Planning Your Garden’s Growth - The Bend Magazine

Planning Your Garden’s Growth

The secret to a successful spring and summer garden is getting started early

By: Justin Butts  Photos by: Rachel Benavides 

To get the greatest production from your garden, plant as early as possible in the proper season.

For plants, seasons are like windows of opportunity that open and close. The window to grow a particular set of plants is open only for a few months each year, so plant your seeds or transplants as soon as possible, to get the most from your vegetables before the season ends and the window slams shut.

The last average frost date in The Bend is February 9. Begin planting your warm-weather vegetables – such as corn, beans, squash, and tomatoes – around Valentine’s Day or soon after.

It should be noted that even warm-weather plants don’t like too much heat. Tomatoes require a nighttime soil temperature between 55 and 70 degrees to set fruit, which means tomato production in South Texas typically shuts down by June or July when the sun bakes the soil like a clay oven.

Most warm-weather vegetables require at least two to three months to mature. You want these plants fully grown as early in the season as possible. This gives them a longer period to set fruit before the heat shuts them down. Not only that, pests are much worse in summer; the sooner fruit ripens, the fewer pests will attack it.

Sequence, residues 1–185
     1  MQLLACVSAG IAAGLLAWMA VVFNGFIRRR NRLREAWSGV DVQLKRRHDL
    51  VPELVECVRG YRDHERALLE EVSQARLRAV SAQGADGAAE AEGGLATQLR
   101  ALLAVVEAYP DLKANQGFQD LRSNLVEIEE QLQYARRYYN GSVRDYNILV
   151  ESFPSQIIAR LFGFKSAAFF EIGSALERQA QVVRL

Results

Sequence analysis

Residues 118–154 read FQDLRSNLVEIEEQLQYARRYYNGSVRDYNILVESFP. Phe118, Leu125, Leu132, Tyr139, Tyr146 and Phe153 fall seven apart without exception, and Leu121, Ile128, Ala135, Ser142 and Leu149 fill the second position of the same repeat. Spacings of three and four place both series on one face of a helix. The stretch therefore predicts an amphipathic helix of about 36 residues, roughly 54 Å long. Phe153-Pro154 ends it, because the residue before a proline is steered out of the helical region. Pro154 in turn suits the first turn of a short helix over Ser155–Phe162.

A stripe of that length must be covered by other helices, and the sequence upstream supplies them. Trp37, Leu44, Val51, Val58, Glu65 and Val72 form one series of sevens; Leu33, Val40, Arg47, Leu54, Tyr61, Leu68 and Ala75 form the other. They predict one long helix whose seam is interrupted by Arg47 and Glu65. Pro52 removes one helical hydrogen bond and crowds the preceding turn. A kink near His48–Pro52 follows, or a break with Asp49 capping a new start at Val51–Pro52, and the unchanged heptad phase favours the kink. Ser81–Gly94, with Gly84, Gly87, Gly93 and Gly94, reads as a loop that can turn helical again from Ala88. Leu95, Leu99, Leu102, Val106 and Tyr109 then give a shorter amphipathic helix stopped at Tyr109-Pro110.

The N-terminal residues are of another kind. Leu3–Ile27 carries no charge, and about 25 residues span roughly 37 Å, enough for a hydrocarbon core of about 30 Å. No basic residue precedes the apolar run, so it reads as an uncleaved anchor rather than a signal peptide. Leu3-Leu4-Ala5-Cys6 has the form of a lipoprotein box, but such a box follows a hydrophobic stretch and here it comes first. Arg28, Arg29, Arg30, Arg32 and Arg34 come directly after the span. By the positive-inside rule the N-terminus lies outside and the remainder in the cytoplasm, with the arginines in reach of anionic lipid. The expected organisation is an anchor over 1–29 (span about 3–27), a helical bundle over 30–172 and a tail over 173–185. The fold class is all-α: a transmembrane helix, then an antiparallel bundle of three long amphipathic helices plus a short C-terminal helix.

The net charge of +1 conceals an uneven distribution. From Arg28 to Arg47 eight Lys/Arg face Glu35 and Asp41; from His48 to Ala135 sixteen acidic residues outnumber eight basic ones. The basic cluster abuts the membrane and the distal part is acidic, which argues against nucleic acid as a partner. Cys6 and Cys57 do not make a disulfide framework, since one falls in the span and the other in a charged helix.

The window opens in the lovely days of late February to plant tomatoes, corn, squash, pumpkins, melons, beans, eggplant, and peppers. Get your plants in the ground soon to make the most of the season before summer heat shuts down the garden.

Most Popular Spring and Summer Veggies in The Bend

Tomatoes: Plant on a sturdy trellis. 36” spacing. Transplants only (not by seed) to make the most of the season. Early Girl and Juliette mature in only 54 days, and Heatwave and Solar Fire keep producing in hotter weather.

Corn (Sweet and Field): For best results, plant in Three Sisters method (go to “Home+Garden” archives for details) with squash and pole beans. Best field corn: Oaxacan and Cherokee White Eagle. Best sweet corn: Silver Queen.

Summer Squash (Bush): Plant in Three Sisters method or 24” spacing on the center row. Black Beauty Zucchini, Lemon Squash, Grey Zucchini, and Scallopini.

Winter Squash (Vining): Plant in Three Sisters or plant three seeds at 36” spacing and let vines sprawl. Japanese Red Kuri, Butternut, Delicata, Blue Hokkaido, and Thai Rai Kaw Tok.

Watermelons: Requires 100 days or more to mature; plant early. Plant three seeds at 5’ spacing and let vines sprawl. Heavy vines can pull down other plants. Large: Jubilee and Black Diamond. Personal: Japanese Cream-Fleshed Suika, Sugar Baby, and Black Tail Mountain.